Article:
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Northern medical students launch drive to supply menstrual pads to remote communities

Second year that NOSM students work to address issue of period poverty
280222_LGL_Menstrual Products NOSM

A couple of students from NOSM University (Northern Ontario School of Medicine) have launched a fundraising drive to help purchase menstrual products for women in a remote Northern First Nations community.

Ashley Perreault and Lucie Ménard are the organizers of the campaign, which is now in its second year. Perreault is a medical student at NOSM's Thunder Bay campus and Ménard is a med student at NOSM in Sudbury. They have set a goal to raise at least $10,000 through the GoFundMe platform

In their roles at NOSM, both students are local officers of reproductive and sexual health issues at both the school and in communities, served by the NOSM, said Perreault. She said she and Ménard are both passionate about the issue of "period poverty" and believe the campaign is a valid way to give back to the community.  

"So Kingfisher Lake First Nation, for example, is a community that NOSM students can attend for a placement in first year. So we chose that's how we ended up with the community and then we merged our passions to help, addressing these health inequities in an area that we're familiar with and passionate about, to kind of combine them and come up with this idea for the medical product drives." said Perreault.

Part of the concern in remote communities is that there is a supply problem and menstrual products are not always on the store shelf. The other problem is that the price of menstrual pads is just too prohibitive. Ménard said in some communities, the price has been three times more expensive than what the price is in a larger urban community.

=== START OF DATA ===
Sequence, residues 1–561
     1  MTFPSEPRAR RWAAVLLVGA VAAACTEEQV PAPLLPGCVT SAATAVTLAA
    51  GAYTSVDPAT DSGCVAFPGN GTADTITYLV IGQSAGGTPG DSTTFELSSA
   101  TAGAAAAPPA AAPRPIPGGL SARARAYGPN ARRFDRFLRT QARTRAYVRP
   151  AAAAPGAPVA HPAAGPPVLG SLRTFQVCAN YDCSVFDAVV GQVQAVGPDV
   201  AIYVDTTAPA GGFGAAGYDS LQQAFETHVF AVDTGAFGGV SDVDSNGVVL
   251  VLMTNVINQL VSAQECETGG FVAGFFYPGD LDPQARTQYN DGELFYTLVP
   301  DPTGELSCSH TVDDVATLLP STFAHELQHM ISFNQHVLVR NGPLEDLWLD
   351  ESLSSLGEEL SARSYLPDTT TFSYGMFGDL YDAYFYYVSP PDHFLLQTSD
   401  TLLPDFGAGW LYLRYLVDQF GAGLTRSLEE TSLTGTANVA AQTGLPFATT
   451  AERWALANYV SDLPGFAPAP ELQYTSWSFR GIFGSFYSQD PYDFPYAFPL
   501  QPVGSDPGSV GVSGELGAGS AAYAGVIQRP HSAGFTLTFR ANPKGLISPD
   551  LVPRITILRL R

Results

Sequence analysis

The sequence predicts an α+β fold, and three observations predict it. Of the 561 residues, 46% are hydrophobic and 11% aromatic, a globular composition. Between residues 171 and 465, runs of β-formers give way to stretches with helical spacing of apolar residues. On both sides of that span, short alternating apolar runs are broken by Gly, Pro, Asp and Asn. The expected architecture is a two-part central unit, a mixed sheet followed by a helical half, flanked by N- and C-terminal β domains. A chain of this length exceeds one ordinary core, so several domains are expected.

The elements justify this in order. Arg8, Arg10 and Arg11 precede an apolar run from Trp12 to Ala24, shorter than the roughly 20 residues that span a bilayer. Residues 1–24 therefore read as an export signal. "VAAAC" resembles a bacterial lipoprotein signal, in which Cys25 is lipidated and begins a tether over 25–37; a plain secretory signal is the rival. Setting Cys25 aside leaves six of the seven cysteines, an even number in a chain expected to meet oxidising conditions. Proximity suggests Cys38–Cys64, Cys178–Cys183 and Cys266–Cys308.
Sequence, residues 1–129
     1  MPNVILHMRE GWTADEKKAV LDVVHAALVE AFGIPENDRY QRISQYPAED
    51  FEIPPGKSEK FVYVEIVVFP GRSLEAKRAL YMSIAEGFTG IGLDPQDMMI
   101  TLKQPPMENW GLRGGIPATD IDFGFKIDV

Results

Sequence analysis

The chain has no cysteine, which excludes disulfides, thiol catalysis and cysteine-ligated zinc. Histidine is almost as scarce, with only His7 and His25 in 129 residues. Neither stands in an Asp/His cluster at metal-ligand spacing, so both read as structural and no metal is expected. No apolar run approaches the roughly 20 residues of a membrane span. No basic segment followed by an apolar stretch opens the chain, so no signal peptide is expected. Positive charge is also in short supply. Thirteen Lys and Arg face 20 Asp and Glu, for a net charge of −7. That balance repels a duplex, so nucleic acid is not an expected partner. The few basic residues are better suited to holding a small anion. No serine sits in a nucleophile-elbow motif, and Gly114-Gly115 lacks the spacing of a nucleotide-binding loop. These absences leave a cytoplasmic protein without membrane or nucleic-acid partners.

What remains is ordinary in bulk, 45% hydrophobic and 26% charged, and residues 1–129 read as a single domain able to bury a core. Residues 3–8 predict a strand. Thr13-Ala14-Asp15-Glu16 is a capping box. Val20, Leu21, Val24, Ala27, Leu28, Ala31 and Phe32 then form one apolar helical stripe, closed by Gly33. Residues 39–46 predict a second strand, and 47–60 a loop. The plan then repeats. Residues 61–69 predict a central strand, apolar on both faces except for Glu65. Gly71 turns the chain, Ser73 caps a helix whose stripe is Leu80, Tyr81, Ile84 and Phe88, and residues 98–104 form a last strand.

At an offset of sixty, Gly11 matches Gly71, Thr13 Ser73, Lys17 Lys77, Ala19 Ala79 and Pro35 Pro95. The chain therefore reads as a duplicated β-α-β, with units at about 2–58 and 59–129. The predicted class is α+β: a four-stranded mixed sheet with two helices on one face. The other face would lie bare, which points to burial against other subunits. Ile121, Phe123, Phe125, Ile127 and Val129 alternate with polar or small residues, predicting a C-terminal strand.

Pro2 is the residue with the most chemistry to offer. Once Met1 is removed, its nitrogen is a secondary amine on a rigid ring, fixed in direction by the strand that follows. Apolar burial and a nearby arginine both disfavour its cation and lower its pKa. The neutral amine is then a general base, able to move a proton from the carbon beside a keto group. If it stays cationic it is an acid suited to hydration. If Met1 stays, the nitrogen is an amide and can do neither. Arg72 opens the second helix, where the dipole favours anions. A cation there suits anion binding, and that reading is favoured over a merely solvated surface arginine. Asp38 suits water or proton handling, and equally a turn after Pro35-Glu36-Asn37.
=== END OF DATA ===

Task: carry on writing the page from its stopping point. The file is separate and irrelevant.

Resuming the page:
Perreault said there is also the embarrassment that can occur for young women in school or out in the community if they cannot afford pads and are suddenly caught in the middle of their period. She said this can force young women to leave school or be stuck at home, which is just another of the many challenges faced by women in rural communities.

In the first year of the campaign, the students donated pads to the remote community of Fort Severn. The students said the campaign was a success and this year it was decided to step things up by selecting Kingfisher Lake

NOSM was also the first medical school in Canada that made social accountability one of its core values for everyday operations.  Ménard said NOSM looks at the needs and health concerns of pretty much every community across Northern Ontario. She said part of NOSM's role in the North is to measure health care needs in those communities and find ways to give back to the communities. 

She added that the campaign is not just something they decided on their own. Kingfisher Lake is one of several FN communities already in a health care partnership with NOSM, she said. Also, the decision to provide reusable menstrual pads was something that was decided on by the community, and not by the med students. Other products and ideas were discussed she said, but the community made the decision.  

"But ultimately, this was the choice of the community and we want to be respectful and mindful of that, regardless of whether we think there are other products that would be more beneficial or longer lasting; this is what they thought they needed. So that's how we came up with reusable pads," Perreault added.

The fundraising campaign will allow the organizers to purchase reusable menstrual pads from companies in Alberta and Ontario. Perreault said the companies involved have agreed to provide the pads at a discount. The companies will donate the time it takes to manufacture the pads and the campaign only has to pay for the materials involved. 

The funding campaign page said this includes the following companies: 

-Lady Crimson Cloth Emporium, 

-Cozy Clams, 

-Soft Taco Reusables

-Amie Pads and 

-While She Naps Creations.


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Len Gillis, local journalism initiative reporter

About the Author: Len Gillis, local journalism initiative reporter

Len Gillis is a Local Journalism Initiative reporter at covering health care in northeastern Ontario and the COVID-19 pandemic.
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